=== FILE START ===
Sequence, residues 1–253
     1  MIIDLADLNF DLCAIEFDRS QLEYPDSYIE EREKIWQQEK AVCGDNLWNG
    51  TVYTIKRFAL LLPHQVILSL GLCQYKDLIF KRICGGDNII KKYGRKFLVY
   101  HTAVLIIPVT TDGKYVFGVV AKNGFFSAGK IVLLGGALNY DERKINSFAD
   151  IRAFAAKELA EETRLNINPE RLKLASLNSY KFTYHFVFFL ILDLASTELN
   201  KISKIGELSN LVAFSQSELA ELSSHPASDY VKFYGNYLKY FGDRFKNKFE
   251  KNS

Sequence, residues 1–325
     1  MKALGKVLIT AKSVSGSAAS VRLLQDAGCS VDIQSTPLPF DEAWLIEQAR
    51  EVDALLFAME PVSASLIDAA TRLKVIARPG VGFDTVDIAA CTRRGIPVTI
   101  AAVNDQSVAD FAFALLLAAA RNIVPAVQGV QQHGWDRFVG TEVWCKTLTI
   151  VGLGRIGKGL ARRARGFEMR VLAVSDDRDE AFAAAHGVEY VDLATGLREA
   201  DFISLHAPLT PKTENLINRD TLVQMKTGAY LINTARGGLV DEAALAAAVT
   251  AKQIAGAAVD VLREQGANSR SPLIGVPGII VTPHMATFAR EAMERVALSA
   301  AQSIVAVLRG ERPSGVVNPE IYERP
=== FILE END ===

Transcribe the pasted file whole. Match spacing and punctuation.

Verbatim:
Sequence, residues 1–253
     1  MIIDLADLNF DLCAIEFDRS QLEYPDSYIE EREKIWQQEK AVCGDNLWNG
    51  TVYTIKRFAL LLPHQVILSL GLCQYKDLIF KRICGGDNII KKYGRKFLVY
   101  HTAVLIIPVT TDGKYVFGVV AKNGFFSAGK IVLLGGALNY DERKINSFAD
   151  IRAFAAKELA EETRLNINPE RLKLASLNSY KFTYHFVFFL ILDLASTELN
   201  KISKIGELSN LVAFSQSELA ELSSHPASDY VKFYGNYLKY FGDRFKNKFE
   251  KNS

Sequence, residues 1–325
     1  MKALGKVLIT AKSVSGSAAS VRLLQDAGCS VDIQSTPLPF DEAWLIEQAR
    51  EVDALLFAME PVSASLIDAA TRLKVIARPG VGFDTVDIAA CTRRGIPVTI
   101  AAVNDQSVAD FAFALLLAAA RNIVPAVQGV QQHGWDRFVG TEVWCKTLTI
   151  VGLGRIGKGL ARRARGFEMR VLAVSDDRDE AFAAAHGVEY VDLATGLREA
   201  DFISLHAPLT PKTENLINRD TLVQMKTGAY LINTARGGLV DEAALAAAVT
   251  AKQIAGAAVD VLREQGANSR SPLIGVPGII VTPHMATFAR EAMERVALSA
   301  AQSIVAVLRG ERPSGVVNPE IYERP